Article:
Monday, 15 February 2021

KC asks readers: BTO or Resale HDB? (Dilemma)

  Posted at  February 15, 2021 8 comments


Share your tips with KC! What did you do for your HDB purchase? Was it a BTO or resale? (context: KC is currently perplexed over HDB housing.. and inclined to buying resales. However, this seems to be a complicated process. I invite you to share with me what did you do if you bought resales or BTO HDB and if there are any information that would be good for me and others to know!)

First of all, KC would like to wish all investors and readers a Happy Chinese New Year 2021

Readers who have been following me would know that KC has been setting aside cash for wedding/ housing plans and as such have been watching the market go by without much updates to the portfolio. This is due to the mantra that I cannot invest money that I would need for bigger ticket items in near future (~ 2 years time). 

Recently, KC have tried to BTO 2 rounds of BTO exercise but failed in both. The recent Covid-19 situation is not helping the BTO projects with extended delivery dates for some projects to be 2027 or 2028. (KC would be 41 by then, that's crazy!)


Headache over housing


Buying or owning a house is probably one of the biggest ticket items for any Singaporean couple. With escalating BTO and Resale prices, owning a house seems increasingly difficult and many would have to work for life just to pay off the housing loan. Without doing the sums and proper planning, the financial strain is bound to create repercussions and consequences to the family in future. 


The HDB Flat


HDB's mission is to "...provide affordable, quality housing and a great living environment where communities thrive." It was set up in the early 1960s to address housing concerns. Fast forward to 2021, generations of Singaporeans have benefited from the system. Recent trends however, do worry KC as to whether HDB can indeed keep up with the "affordable portion" with new projects and resale flats getting more expensive for a housing that would expire by 99 years. Without going into the debate of the pricing of HDBs and resale, these are example of trends that I am looking into:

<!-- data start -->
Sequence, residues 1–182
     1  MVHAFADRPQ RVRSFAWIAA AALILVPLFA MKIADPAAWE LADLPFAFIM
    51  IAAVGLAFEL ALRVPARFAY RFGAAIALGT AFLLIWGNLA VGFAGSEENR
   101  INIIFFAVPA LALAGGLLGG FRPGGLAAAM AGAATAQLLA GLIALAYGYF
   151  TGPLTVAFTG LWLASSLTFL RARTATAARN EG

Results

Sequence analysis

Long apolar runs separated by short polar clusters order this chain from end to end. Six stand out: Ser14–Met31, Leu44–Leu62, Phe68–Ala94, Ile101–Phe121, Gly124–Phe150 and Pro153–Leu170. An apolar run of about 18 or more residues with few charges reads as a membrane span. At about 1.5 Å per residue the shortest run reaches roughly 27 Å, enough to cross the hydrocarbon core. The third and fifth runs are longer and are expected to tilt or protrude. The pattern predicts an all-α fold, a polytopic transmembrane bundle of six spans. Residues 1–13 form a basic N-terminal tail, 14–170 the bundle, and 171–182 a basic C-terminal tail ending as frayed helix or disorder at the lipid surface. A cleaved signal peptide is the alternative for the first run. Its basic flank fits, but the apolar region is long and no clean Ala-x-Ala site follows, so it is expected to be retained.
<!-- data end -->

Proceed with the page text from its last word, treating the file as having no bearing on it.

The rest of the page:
Regarding Lease Decay (HDBs will appreciate/depreciate over time till its end of 99 years): https://lifefinance.com.sg/whats-the-value-of-my-leasehold-hdb-3-dealing-with-lease-decay/ 

Our Resale flats pricing trend: https://www.99.co/blog/singapore/million-dollar-hdb-flats-are-hiding-a-worrying-resale-price-trend-heres-proof/


My main thoughts and observations on current situation (I may carry bias):

 

HDB is an expensive outlay the Singaporean cannot avoid.
➤ We can use CPF for our housing needs, but CPF is a shared pool meant for retirement and healthcare too. The more we use for housing, the less we have later on for retiring. we need to plan ahead
➤ HDBs will depreciate over time and the seemingly rising resale prices may not tell the full story of older flats that depreciate quicker (it is far more complicated to valuate them as such) 
➤ Covid-19 has delayed projects (can one afford to wait?) and also pushed up resale prices (can one afford to pay the price for not waiting?)


The solution as they say is to: "Plan within your means". (But easier said than done).


Keeping Options Open

My partner and I were filled with hope, originally planning to get a 5 room HDB flat in a non-mature estate. However, after 2 rounds of failed tries and staring at an ever increasing timeline for landing a flat with BTO - the future looks challenging. The average Singaporean would do what they do here - complain.


KC ranting mode (don't mind me): How are we expected to get married, form a family and start having kids when we can't even land a house that we like?! 

At the moment, it feels like going back to square one all the time and the timeline just gets pushed back all the time. We are still keeping options open in hopes of future BTOs, SOB (sales of balance), or resales but that hope is fading a little with each setback.